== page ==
I scan my pencil sketches into the computer where I work further with composition, scale, etc. in Photoshop. I work at the necessary size of the book. Once I’m happy with it, I’ll print out the concept as a reference for the final cleaned up drawing. I like using fine Micron pens on heavyweight Bristol paper, 300 Series. There is no reason other than I like how the paper and pen relate to one another when drawing meticulous and delicate lines. This is where I add fine detail,clean up the lines, and enjoy the meditative process of creating my art.
WOOD TEXTURE & COLOR
After my line work is complete, I set that aside and move onto wood texture. I use high quality birch veneer panels often used for wood block prints. I can have them cut to any size I need. The one pictured here is 6 x 8 inch, which I double up for a double page spread in a book. I’ll gesso the board using thick brush strokes to obtain texture, and let it dry.
I make a copy of my finished line work and tape it down on a registering device I created. This allows me to line up the pen drawing on the textured wood board. I fold back the paper while I dry brush acrylic paint onto the areas of wood board that need color. I then bring the paper back back down to see if I filled in the entire area or need to apply more. I continue this method until I’ve painted in color where I want. I let this dry once again.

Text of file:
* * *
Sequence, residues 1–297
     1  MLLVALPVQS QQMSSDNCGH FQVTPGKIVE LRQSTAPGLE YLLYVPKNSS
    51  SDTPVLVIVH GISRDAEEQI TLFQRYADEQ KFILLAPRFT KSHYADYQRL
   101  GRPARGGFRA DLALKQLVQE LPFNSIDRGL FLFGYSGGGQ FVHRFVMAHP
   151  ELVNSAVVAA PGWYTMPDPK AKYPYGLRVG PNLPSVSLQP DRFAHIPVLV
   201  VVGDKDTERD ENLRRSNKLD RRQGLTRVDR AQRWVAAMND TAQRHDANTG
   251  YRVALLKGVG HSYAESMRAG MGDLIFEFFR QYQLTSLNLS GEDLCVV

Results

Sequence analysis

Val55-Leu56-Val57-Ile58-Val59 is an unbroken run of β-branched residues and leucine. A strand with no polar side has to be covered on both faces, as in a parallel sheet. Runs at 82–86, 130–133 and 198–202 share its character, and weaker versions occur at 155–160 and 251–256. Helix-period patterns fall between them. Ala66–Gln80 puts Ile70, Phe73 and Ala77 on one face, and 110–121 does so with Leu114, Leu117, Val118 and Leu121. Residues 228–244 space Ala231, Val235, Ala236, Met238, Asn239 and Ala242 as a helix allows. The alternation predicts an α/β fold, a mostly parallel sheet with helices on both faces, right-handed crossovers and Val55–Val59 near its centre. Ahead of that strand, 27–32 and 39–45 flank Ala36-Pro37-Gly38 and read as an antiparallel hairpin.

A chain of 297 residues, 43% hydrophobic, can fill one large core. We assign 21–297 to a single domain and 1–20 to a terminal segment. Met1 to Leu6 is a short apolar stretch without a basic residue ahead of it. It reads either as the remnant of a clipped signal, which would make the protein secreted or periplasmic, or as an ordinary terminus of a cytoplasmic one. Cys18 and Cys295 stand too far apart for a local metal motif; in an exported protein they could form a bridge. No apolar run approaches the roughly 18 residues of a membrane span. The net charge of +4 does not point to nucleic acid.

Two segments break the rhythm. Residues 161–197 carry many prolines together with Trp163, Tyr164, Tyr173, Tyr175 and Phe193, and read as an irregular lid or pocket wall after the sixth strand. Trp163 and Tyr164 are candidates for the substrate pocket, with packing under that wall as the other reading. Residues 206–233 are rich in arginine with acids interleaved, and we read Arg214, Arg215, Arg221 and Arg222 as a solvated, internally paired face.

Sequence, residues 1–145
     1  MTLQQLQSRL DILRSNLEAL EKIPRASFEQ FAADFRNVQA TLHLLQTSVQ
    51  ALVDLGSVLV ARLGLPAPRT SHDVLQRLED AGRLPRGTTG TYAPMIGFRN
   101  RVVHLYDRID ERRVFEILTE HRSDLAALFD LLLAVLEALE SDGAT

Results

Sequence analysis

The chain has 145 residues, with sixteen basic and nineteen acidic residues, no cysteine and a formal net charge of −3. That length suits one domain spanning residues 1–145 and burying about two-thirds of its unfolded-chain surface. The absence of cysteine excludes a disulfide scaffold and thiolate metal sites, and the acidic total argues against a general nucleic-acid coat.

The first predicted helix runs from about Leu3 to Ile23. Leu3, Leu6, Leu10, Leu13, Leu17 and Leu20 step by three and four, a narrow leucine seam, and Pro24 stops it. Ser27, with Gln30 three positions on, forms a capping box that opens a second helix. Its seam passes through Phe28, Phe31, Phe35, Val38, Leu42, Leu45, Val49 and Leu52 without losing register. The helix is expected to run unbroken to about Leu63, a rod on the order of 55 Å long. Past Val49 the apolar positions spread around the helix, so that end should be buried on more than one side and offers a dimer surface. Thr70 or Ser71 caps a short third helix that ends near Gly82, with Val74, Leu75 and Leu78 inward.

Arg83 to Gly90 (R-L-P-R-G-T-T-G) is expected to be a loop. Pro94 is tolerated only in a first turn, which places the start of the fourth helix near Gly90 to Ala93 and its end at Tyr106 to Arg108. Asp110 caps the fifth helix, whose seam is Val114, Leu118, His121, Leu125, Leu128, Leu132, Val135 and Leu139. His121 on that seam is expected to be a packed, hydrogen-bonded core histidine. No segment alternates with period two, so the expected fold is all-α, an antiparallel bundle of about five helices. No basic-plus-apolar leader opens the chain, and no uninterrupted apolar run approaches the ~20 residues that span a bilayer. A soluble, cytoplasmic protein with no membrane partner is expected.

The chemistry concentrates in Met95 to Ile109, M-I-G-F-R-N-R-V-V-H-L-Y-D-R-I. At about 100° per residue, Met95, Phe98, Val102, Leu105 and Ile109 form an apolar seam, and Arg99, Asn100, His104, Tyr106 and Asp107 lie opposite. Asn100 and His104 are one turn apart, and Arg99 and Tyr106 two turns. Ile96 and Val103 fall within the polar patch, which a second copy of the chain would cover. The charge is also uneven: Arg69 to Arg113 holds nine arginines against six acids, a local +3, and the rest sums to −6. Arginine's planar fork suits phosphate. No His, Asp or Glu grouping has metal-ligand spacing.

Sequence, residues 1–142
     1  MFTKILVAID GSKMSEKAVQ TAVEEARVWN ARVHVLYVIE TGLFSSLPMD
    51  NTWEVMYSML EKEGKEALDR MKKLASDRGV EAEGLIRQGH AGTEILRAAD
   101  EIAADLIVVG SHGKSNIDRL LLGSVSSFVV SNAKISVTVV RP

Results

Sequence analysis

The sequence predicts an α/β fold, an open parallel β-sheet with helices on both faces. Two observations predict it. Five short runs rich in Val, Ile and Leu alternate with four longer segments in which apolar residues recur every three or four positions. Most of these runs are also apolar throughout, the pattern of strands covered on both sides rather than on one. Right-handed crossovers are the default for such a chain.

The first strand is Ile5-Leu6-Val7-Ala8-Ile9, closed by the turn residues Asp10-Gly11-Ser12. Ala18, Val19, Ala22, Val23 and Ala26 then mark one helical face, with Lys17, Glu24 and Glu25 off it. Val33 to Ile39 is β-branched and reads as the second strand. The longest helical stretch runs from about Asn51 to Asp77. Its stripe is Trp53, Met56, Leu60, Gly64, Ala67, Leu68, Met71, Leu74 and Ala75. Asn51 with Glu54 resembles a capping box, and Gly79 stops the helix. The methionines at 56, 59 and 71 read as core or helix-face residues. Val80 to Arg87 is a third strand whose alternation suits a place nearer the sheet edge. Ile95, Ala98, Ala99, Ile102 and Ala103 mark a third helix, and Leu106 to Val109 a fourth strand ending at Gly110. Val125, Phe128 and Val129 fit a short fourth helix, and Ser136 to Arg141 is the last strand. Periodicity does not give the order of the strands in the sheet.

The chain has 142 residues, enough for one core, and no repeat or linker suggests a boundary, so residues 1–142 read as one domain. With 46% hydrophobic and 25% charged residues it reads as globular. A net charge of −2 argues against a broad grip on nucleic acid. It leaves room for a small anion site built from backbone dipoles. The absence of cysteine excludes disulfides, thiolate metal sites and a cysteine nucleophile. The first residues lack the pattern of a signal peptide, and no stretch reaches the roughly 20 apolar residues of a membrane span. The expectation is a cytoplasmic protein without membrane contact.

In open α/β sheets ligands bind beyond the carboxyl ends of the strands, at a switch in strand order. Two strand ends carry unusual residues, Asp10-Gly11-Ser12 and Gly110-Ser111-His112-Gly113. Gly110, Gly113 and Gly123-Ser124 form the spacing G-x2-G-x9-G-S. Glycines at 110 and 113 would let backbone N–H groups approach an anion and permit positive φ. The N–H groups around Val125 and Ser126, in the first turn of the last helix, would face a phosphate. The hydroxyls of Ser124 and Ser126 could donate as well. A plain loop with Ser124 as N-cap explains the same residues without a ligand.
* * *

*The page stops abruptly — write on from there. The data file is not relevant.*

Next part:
I print out my final ink drawing on thin, acid free, Japanese paper. I apply this to my painted wood board and let it dry. This technique allows the textured board and color to be seen under the ink drawing nicely.